For troubleshooting and bug reporting please make sure you read this first.


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#11
Version 9.11 does not have this issue , why don't you check it out, what was changed between 10.0 and 9.11 about subtitle rendering ?
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#12
I think this is related to what is discussed here. Using a different font than the one supplied with XBMC seems to fix or at least negligate the issue (I am on an ancient single core Atom 230 and have not noticed any subtitle stutter since).
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#13
a11599 Wrote:I think this is related to what is discussed here. Using a different font than the one supplied with XBMC seems to fix or at least negligate the issue (I am on an ancient single core Atom 230 and have not noticed any subtitle stutter since).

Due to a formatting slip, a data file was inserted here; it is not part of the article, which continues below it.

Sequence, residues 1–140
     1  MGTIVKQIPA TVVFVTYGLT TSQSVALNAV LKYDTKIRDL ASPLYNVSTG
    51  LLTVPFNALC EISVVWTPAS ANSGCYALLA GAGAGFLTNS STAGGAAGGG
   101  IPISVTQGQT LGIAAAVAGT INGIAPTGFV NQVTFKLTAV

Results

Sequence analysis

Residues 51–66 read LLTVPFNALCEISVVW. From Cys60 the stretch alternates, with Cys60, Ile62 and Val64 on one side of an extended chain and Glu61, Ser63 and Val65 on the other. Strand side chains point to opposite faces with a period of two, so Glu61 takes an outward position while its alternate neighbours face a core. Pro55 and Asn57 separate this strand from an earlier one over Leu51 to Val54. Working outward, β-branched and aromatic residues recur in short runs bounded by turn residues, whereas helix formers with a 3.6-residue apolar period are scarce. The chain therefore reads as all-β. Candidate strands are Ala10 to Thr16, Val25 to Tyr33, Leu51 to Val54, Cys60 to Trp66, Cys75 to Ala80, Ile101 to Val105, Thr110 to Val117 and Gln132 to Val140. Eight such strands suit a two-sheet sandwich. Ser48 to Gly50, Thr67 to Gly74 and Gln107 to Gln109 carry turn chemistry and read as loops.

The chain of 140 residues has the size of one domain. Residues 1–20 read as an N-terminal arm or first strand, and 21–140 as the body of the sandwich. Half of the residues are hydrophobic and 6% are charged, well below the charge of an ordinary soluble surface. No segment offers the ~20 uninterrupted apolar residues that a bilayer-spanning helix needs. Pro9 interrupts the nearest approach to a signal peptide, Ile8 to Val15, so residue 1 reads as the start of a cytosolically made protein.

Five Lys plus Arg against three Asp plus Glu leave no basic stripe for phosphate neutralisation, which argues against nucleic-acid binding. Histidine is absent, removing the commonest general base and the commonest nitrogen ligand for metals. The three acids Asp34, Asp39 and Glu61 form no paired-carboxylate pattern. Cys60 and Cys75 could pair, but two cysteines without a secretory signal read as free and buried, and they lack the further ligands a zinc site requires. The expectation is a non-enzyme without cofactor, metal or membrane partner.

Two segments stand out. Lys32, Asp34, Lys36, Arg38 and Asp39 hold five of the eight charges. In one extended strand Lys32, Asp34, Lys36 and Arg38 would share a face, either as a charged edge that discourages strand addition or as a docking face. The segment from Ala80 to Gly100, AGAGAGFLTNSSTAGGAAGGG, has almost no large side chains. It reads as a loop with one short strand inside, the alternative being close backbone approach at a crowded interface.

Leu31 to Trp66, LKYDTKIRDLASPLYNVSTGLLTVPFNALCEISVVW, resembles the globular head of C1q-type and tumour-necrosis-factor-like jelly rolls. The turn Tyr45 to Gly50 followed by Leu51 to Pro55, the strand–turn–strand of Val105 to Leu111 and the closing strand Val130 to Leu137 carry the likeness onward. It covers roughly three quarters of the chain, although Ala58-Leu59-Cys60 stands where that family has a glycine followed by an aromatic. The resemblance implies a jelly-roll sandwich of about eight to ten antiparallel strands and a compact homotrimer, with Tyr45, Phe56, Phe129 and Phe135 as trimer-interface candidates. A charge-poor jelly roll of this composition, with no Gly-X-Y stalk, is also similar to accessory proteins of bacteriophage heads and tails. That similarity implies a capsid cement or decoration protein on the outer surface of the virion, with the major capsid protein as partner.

No, I don't think so, I tried some fonts on Mac OS X, still the same problem.
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#14
any progress?
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#15
How about doing it the way Media Player Classic does it - caching strings, instead of characters, about 10 seconds before displaying? The dsplayer branch of XBMC does it this way, and I am still using the dsplayer version of XBMC to this day, for this reason. The only catch is that I must lower the resolution of the cache to 960 by 540 pixels. However, it still looks really nice, even on 1080p displays, and my Acer 3610 can handle Chinese subtitles without stuttering at all.